Firms have experienced certain changes over the past several decades as a result of the constantly changing circumstances in the market. This development was mainly caused by the advancement in science and research (Peng and Tao 2022), international integration (Onegina et al. 2022), and the growth in competitiveness (Marousek and Gavurova 2022; Adjei and Grega 2023; Privara 2022). For enterprises to maintain or improve their position in a specific business sector (Durana et al. 2022; Borowiecki et al. 2022), continuous evaluation and improvement regarding achieved business performance are necessary. The most important aspect is the corporate performance evaluation, which is used as the primary measure. The performance of the firm can be examined from the perspectives of marketing (Michulek et al. 2023; Michulek and Krizanova 2023), human resources (Zhang 2022), customer perspective (Kral and Janoskova 2023; Nahalkova Tesarova and Krizanova 2023), and management (Mazzucchelli et al. 2022). The financial performance analysis can provide the most detailed information about a specific corporate performance (Roy and Patro 2021; Galant and Cvek 2021), which occupies an invaluable position in the evaluation of the selected business entity (Oliver 2022).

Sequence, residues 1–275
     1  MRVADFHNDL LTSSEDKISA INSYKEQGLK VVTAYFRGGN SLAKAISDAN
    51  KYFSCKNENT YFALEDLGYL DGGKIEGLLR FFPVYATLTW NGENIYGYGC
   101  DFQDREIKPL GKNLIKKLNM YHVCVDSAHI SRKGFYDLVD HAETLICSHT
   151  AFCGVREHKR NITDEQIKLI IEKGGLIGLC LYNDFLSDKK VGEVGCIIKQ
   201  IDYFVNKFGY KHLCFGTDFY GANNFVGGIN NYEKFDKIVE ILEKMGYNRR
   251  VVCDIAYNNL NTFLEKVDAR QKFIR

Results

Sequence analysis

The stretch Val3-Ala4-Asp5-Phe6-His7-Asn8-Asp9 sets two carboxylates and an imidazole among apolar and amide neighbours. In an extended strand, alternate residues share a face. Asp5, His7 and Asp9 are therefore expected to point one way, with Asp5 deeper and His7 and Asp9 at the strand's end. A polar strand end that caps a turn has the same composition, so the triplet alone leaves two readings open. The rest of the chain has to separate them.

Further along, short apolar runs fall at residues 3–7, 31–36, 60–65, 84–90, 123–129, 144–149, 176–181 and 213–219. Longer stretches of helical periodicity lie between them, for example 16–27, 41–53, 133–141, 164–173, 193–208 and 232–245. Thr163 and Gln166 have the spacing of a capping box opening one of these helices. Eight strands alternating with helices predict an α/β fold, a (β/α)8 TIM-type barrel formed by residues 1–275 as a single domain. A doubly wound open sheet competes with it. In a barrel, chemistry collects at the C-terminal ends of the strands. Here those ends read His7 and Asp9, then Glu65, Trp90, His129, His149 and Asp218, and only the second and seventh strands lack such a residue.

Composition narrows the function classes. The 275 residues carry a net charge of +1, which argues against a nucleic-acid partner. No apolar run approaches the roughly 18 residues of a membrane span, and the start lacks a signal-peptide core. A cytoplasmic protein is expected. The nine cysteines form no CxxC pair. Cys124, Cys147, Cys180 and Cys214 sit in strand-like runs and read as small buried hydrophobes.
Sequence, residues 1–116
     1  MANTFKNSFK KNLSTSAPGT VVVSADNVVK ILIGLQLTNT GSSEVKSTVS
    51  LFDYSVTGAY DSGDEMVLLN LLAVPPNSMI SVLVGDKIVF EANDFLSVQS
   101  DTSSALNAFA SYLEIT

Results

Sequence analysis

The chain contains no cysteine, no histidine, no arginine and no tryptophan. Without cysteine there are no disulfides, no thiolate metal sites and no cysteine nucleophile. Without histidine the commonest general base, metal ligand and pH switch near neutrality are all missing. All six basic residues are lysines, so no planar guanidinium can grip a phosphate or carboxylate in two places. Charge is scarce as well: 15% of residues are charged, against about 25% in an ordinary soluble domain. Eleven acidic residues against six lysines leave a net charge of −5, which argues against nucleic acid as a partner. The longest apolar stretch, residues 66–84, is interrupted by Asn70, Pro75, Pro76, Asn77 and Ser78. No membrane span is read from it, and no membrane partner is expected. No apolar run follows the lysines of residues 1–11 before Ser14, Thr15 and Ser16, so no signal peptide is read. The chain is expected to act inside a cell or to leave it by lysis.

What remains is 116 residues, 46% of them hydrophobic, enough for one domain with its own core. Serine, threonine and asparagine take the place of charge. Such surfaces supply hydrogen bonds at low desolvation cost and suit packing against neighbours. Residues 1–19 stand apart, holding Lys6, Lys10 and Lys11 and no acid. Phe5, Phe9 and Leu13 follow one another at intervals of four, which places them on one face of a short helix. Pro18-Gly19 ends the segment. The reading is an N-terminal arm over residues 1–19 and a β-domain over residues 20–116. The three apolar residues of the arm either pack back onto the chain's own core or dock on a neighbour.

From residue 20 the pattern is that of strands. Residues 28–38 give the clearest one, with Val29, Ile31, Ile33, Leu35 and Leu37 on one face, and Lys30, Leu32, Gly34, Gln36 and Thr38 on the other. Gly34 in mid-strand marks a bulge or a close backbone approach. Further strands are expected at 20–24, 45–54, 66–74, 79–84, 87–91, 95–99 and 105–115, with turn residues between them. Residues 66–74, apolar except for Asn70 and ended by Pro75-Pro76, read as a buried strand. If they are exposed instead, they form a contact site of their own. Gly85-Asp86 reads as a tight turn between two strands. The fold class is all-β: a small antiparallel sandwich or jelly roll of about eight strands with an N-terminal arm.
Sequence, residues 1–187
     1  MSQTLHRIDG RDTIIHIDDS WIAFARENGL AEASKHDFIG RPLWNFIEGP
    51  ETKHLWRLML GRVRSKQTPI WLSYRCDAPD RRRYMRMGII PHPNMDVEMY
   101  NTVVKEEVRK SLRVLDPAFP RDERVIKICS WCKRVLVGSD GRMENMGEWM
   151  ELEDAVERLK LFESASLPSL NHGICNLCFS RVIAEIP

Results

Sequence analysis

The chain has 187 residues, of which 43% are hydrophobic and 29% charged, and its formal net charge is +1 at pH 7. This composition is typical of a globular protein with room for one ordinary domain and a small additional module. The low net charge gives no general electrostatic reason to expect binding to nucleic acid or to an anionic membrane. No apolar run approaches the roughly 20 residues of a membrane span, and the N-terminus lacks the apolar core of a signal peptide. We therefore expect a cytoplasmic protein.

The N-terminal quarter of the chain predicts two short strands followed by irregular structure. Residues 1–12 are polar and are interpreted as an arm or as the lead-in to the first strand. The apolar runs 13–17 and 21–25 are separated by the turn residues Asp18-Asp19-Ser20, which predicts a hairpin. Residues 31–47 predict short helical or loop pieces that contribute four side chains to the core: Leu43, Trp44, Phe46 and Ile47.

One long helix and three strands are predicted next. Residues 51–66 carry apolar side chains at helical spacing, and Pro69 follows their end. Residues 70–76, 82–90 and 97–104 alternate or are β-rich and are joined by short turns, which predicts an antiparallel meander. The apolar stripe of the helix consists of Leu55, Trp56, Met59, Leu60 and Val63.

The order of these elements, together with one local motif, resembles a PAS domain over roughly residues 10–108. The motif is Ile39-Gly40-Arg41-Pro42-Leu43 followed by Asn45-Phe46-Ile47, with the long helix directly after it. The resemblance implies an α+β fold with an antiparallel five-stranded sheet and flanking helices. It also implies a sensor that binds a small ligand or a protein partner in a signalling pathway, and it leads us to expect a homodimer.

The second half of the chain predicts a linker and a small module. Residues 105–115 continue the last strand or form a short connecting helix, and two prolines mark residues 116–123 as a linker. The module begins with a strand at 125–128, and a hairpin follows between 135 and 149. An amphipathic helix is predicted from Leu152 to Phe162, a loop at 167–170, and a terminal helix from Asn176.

The term performance is often used in everyday life in several areas, including sports and international finance (Kang and Kim 2023). Performance generally refers to how a particular investigated subject carries out an activity compared to the reference manner of completing the given activity. In the long term, however, in the current economic environment of the firm, it is not enough to rely on the currently achieved performance (Boulhaga et al. 2023), but it is necessary to focus on its continuous increase (Dana et al. 2021). Chen et al. (2023) characterize the measurement of corporate performance as a process whose key role is to support the development of the business into the future using the analysis and evaluation of established methods and procedures. Several definitions of performance agree on the success and achievement of established objectives. Performance can be broadly defined as a characteristic that helps in realizing the corporate future vision (Madaleno and Vieira 2020) through continuous measurement (Weqar et al. 2021) and comparison of past results with established criteria and predictions for the future (Barbuta-Misu and Madaleno 2020). The achieved results of individual financial analysis indicators (Li et al. 2021), industry statistics (Xu and Li 2019), or the effectiveness of the use of corporate production factors (Zhang and Aumeboonsuke 2022) are a few examples of these criteria in the area of the financial performance of enterprises. Business performance, which is additionally referred to as the operationalized level of business competitiveness, is the main subject of evaluation in several business studies, focusing on the success or productivity of corporate financial performance (Kristof and Virag 2022). Studies based on financial data and their analysis to ascertain the financial performance of the firm form the largest group of corporate performance evaluations. Through methods and techniques of financial analysis, financial performance describes the achieved corporate financial health (Durica et al. 2023; Kaczmarek et al. 2021). According to Hedija and Nemec (2021), Jin et al. (2022), and Kayani et al. (2023), data collected through financial performance evaluations have significant explanatory power. Many authors employ intricately constructed systems of indicators or constructed models that are separated into several parts to evaluate the performance of firms (e.g., in terms of labor productivity growth—Lăzăroiu and Rogalska 2023, of deliberate managerial strategy—Vătămănescu et al. 2020, and of organizational achievements—Vătămănescu et al. 2023) with the intention of introducing a more detailed comprehension of the achieved corporate performance.